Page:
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J Biol Chem. 2015 Jun 19;290(25):15450-61. doi: 10.1074/jbc.M114.631960. Epub 2015 May 1.

A Conserved Residue Cluster That Governs Kinetics of ATP-dependent Gating of Kir6.2 Potassium Channels.

Author information

1
From the Department of Anesthesiology, Pharmacology, and Therapeutics, University of British Columbia, Vancouver, British Columbia V6T 1Z3, Canada.
2
the Department of Drug Design and Pharmacology, University of Copenhagen, 2100 Copenhagen, Denmark, and.
3
the Department of Molecular Physiology and Biophysics, University of Iowa, Iowa City, Iowa 52246.
4
From the Department of Anesthesiology, Pharmacology, and Therapeutics, University of British Columbia, Vancouver, British Columbia V6T 1Z3, Canada, harley.kurata@ubc.ca.

Abstract

ATP-sensitive potassium (KATP) channels are heteromultimeric complexes of an inwardly rectifying Kir channel (Kir6.x) and sulfonylurea receptors. Their regulation by intracellular ATP and ADP generates electrical signals in response to changes in cellular metabolism. We investigated channel elements that control the kinetics of ATP-dependent regulation of KATP (Kir6.2 + SUR1) channels using rapid concentration jumps. WT Kir6.2 channels re-open after rapid washout of ATP with a time constant of ∼60 ms. Extending similar kinetic measurements to numerous mutants revealed fairly modest effects on gating kinetics despite significant changes in ATP sensitivity and open probability. However, we identified a pair of highly conserved neighboring amino acids (Trp-68 and Lys-170) that control the rate of channel opening and inhibition in response to ATP. Paradoxically, mutations of Trp-68 or Lys-170 markedly slow the kinetics of channel opening (500 and 700 ms for W68L and K170N, respectively), while increasing channel open probability. Examining the functional effects of these residues using φ value analysis revealed a steep negative slope. This finding implies that these residues play a role in lowering the transition state energy barrier between open and closed channel states. Using unnatural amino acid incorporation, we demonstrate the requirement for a planar amino acid at Kir6.2 position 68 for normal channel gating, which is potentially necessary to localize the ϵ-amine of Lys-170 in the phosphatidylinositol 4,5-bisphosphate-binding site. Overall, our findings identify a discrete pair of highly conserved residues with an essential role for controlling gating kinetics of Kir channels.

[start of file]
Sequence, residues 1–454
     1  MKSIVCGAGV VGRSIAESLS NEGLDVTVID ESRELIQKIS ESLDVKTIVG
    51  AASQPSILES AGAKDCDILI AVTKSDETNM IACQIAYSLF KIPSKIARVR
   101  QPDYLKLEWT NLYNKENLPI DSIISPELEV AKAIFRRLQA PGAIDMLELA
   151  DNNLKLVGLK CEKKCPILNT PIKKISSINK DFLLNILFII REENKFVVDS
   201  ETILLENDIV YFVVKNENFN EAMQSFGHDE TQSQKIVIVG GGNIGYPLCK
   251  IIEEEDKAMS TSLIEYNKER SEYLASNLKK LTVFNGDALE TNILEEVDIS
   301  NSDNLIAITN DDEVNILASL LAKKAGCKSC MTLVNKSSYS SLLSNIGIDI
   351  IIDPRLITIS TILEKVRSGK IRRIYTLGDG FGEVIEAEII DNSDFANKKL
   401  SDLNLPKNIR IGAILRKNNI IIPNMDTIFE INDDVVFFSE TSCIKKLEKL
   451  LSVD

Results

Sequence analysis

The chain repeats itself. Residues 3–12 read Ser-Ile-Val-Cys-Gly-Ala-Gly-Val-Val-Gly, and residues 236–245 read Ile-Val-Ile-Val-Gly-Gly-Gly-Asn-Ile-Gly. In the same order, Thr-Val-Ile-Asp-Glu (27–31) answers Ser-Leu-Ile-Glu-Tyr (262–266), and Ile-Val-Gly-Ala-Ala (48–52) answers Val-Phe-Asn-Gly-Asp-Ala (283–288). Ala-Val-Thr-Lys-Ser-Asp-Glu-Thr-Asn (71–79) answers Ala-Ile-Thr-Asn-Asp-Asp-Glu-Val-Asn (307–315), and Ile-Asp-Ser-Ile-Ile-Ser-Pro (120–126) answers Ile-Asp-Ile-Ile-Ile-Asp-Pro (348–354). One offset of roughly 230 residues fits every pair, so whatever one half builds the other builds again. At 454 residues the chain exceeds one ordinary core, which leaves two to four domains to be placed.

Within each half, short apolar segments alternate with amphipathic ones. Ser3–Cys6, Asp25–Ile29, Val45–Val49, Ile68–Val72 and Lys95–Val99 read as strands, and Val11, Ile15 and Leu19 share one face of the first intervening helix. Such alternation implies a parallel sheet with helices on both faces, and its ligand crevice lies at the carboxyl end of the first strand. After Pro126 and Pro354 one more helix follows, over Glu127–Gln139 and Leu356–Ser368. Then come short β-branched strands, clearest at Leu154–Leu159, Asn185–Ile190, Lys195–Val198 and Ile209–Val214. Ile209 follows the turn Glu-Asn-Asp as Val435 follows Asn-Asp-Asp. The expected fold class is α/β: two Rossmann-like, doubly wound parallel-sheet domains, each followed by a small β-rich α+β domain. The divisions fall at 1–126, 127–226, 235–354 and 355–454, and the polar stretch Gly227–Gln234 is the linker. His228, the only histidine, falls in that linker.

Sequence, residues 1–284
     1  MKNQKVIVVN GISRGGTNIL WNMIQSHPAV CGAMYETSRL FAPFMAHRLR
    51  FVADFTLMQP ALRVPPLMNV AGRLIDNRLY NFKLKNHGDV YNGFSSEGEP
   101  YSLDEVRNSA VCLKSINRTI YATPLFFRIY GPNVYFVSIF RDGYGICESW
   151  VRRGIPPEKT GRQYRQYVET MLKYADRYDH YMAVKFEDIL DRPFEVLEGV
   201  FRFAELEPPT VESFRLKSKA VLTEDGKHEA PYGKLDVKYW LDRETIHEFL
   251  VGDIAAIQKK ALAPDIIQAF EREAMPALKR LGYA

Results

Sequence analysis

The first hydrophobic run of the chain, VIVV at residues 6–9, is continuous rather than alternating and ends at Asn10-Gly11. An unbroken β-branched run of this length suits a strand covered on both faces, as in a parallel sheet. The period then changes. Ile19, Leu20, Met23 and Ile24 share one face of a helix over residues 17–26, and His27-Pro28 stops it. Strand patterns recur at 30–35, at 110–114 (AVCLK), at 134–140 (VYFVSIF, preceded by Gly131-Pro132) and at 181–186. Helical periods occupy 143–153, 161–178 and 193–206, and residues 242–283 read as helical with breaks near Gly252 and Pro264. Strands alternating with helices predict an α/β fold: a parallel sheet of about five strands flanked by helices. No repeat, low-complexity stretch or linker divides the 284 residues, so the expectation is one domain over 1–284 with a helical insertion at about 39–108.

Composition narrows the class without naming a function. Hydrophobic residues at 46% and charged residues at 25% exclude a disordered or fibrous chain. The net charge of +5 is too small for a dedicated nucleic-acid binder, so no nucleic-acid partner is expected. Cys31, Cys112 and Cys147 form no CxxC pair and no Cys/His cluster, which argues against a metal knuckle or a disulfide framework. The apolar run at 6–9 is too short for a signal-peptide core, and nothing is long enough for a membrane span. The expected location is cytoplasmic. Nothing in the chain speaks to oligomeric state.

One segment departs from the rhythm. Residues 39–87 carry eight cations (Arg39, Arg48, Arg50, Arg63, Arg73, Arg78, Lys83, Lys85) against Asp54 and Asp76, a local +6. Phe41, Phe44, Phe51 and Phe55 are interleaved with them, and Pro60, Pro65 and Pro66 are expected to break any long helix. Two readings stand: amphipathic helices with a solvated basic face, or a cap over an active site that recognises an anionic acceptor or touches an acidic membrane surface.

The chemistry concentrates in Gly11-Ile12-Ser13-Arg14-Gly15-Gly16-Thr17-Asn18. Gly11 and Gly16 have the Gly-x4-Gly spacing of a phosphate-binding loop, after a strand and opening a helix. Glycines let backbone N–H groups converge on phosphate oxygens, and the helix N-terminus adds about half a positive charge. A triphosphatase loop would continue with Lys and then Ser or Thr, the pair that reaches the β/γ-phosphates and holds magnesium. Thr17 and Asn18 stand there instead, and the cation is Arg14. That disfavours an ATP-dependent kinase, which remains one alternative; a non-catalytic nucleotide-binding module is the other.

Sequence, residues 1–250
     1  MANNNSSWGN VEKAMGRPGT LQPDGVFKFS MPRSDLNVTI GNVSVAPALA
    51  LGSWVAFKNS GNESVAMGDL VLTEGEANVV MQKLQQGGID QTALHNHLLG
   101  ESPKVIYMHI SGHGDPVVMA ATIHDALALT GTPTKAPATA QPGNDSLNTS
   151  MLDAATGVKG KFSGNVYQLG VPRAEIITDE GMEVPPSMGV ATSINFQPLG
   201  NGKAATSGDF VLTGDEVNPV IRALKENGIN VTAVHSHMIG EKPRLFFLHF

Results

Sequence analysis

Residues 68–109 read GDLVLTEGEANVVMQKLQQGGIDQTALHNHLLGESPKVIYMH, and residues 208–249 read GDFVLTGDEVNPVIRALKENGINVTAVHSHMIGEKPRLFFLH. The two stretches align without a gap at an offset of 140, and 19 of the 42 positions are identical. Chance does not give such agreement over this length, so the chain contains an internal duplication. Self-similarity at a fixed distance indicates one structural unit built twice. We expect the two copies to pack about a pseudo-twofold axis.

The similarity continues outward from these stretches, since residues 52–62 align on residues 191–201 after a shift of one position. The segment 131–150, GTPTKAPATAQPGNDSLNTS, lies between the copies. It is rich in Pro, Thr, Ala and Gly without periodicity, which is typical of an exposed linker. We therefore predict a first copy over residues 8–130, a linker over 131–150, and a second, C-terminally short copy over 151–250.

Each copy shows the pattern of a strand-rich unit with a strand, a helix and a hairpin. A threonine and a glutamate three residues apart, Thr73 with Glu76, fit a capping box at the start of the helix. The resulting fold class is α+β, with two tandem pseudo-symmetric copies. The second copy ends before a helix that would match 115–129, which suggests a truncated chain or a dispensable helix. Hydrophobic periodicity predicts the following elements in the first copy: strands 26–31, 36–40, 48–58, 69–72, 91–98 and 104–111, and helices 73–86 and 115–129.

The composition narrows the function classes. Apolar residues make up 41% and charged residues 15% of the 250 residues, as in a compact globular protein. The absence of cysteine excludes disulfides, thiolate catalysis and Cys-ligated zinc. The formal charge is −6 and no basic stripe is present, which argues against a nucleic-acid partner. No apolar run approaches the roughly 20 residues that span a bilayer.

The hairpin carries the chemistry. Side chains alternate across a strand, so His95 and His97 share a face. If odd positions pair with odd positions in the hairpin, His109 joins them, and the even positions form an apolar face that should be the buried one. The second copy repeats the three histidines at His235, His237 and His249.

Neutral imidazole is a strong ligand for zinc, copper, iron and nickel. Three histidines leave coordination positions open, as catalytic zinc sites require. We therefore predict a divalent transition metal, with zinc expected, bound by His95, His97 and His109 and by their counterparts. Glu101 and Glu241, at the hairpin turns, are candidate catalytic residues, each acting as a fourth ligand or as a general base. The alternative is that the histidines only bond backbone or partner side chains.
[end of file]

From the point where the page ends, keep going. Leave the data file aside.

KEYWORDS:

KATP channel; PIP2; diabetes; gating; ion channel; kinetics; ligand-dependent gating; potassium channel

PMID:
25934393
PMCID:
PMC4505460
DOI:
10.1074/jbc.M114.631960
[Indexed for MEDLINE]
Free PMC Article

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